ESR has called an end to its annual flu surveillance with indicators for influenza and influenza like illness (ILI) having dropped below baseline figures for the last two months.
The 2019 influenza season hit a peak much earlier than recent seasons with earlier activity than usual detected in both community and hospital based surveillance systems.
Public Health Physician Sarah Jefferies says GP consultations for flu-like illness increased to seasonal levels at the end of May, peaked late in June and then declined to below the baseline level at the end of July.
Dr Jefferies says the pattern of flu in New Zealand was similar to Australia, which had an early start to the influenza season after higher than usual activity at the start of the year, and with declining numbers following a peak in July.
While the New Zealand influenza season started earlier, she says the overall community influenza activity remained within expected levels throughout the season.
“When comparing New Zealand’s current community influenza rates with the past few years, we saw similar levels to those seen in 2017, but higher than usual rates seen in both 2016 and 2018, which were particularly low years for influenza activity.”
As well as an early start to the influenza season, Dr Jefferies says ESR surveillance showed a higher than average percentage of samples testing positive for influenza viruses.
“This indicated that a greater than usual proportion of respiratory virus in the early part of the winter was due to influenza rather than other common respiratory viruses such as rhinovirus and respiratory syncytial virus.”
ESR maintains a number of surveillance systems on behalf of the Ministry of Health to provide a timely and comprehensive understanding of influenza like illness activity and severity in New Zealand.
Dr Jefferies says ESR's public health and virology experts characterise respiratory viruses, assess the effectiveness of the seasonal vaccine, and synthesise influenza surveillance data into the weekly online flu surveillance dashboard and intelligence report.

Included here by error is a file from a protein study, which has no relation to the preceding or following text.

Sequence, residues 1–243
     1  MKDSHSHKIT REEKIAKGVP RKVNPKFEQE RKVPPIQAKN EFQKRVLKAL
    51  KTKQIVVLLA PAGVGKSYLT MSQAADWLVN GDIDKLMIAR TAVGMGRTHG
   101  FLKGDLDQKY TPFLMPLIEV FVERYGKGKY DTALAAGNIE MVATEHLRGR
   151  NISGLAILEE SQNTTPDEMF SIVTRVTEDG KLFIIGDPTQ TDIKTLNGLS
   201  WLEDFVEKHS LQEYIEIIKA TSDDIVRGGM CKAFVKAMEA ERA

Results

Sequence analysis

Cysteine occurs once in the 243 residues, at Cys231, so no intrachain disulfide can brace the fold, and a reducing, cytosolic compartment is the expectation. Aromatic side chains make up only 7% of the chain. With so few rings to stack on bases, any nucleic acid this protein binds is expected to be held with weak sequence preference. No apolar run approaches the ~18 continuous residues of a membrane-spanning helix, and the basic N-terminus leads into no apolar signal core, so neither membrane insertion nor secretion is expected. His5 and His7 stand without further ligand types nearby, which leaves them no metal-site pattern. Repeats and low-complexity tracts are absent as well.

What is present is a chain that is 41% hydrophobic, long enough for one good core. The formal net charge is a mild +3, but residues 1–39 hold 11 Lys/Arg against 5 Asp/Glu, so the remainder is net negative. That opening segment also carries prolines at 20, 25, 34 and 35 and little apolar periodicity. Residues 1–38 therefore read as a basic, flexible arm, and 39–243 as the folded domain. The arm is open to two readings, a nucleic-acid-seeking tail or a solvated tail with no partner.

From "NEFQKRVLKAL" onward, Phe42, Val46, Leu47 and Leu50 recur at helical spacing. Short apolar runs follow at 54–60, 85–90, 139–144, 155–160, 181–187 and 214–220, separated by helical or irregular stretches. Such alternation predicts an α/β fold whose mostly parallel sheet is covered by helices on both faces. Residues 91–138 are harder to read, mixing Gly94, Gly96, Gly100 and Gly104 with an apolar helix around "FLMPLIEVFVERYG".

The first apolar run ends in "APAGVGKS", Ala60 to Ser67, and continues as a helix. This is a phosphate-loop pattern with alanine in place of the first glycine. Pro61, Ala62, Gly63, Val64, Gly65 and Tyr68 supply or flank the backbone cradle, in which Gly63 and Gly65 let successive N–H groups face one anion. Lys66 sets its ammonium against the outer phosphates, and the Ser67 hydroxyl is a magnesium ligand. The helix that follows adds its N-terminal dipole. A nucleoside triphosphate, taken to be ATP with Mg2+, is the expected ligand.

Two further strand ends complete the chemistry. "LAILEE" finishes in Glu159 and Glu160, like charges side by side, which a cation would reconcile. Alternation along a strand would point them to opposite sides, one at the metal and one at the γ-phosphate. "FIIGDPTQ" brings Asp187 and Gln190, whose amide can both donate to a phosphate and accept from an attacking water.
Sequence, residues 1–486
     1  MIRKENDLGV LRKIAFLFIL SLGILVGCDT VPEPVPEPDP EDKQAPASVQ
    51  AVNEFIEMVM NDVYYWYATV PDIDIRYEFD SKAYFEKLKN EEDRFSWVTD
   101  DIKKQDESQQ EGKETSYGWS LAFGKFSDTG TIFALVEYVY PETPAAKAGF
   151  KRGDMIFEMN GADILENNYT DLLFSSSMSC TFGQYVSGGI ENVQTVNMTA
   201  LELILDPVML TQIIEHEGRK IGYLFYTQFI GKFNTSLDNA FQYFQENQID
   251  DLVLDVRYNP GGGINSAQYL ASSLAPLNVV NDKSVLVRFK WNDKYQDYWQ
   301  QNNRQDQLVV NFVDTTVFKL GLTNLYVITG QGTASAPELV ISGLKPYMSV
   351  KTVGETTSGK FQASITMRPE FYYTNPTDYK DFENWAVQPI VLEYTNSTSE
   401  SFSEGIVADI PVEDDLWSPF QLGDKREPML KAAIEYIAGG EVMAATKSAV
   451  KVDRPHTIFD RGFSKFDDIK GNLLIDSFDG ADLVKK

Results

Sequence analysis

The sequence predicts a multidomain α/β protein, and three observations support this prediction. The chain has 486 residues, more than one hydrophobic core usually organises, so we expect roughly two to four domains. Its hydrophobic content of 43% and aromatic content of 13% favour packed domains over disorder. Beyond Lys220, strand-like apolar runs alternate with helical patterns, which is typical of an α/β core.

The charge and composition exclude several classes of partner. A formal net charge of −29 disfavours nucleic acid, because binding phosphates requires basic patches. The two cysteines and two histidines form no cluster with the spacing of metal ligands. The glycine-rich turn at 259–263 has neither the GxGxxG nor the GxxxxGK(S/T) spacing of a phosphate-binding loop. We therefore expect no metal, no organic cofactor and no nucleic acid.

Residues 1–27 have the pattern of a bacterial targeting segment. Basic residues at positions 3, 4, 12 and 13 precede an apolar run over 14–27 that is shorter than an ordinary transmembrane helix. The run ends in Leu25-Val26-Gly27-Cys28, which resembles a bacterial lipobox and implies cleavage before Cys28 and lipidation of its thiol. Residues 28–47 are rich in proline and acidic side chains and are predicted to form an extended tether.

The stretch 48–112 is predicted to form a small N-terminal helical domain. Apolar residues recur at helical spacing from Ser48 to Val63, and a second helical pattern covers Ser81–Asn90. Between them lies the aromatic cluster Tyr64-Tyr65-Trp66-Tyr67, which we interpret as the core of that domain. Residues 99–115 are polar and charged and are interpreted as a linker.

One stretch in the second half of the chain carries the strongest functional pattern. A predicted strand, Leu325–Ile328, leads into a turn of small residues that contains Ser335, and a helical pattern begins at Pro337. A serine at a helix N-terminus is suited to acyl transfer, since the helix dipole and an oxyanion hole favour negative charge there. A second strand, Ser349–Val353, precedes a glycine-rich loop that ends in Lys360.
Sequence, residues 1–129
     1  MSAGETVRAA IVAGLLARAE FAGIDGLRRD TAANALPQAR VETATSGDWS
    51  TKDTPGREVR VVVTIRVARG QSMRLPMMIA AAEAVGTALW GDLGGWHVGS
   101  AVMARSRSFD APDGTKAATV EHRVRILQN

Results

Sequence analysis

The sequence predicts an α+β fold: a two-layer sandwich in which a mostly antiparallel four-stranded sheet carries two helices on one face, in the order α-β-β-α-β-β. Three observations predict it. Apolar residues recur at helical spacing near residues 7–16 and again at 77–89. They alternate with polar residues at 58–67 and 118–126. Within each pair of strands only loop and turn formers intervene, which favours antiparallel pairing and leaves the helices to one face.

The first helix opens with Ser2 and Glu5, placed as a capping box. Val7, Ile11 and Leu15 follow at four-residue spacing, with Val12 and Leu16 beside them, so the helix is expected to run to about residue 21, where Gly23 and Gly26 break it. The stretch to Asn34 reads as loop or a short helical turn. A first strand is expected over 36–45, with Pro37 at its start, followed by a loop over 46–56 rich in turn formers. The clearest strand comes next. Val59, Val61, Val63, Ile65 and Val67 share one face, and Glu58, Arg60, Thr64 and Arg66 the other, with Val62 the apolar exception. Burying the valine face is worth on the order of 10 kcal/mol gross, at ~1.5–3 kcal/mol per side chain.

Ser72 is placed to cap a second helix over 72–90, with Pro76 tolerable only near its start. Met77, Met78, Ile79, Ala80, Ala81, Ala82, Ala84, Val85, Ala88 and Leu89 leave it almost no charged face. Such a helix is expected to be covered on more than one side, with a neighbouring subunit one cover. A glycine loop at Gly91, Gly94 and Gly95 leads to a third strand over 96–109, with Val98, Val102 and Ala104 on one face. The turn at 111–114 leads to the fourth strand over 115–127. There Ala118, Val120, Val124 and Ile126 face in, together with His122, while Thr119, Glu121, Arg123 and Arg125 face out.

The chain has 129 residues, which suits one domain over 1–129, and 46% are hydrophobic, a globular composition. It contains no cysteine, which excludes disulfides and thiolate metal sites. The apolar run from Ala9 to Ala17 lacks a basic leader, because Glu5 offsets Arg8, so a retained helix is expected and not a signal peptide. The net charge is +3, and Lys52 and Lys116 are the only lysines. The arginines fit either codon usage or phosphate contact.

Two viruses were mostly in circulation for the 2019 season, influenza A(H3N2) and influenza B/Victoria. Influenza A(H3N2) viruses often cause more illness in elderly populations, whereas influenza B viruses often affect younger and school aged children relatively more.
Testing showed that seasonal influenza vaccine viruses were a good match overall to those influenza viruses circulating in New Zealand. However, during the season there was a change in the influenza B/Victoria virus strain circulating in New Zealand which may have impacted on the effectiveness of the vaccine against this strain.
“Tracking the flu relies on a range of data streams which help build our understanding of the national picture. There are multiple factors which influence flu transmission, such as virus mutation, and how well different groups of people are protected by measures like seasonal flu vaccination, which makes predicting the trajectory of flu activity during a season challenging”
Information from ESR’s surveillance helps the Ministry of Health, the District Health Boards, and the wider health sector prepare for seasonal flu, influenza pandemics, and the emergence of novel viruses such as SARS or MERS.
Planning is already underway for the next influenza season with information from New Zealand’s surveillance systems used to help inform decisions on which influenza vaccines will be used in 2020.
Close to 1.38 million doses of flu vaccines were used in New Zealand in the past year.
The most recent ESR weekly report is here
Interactive dashboard is here(external link).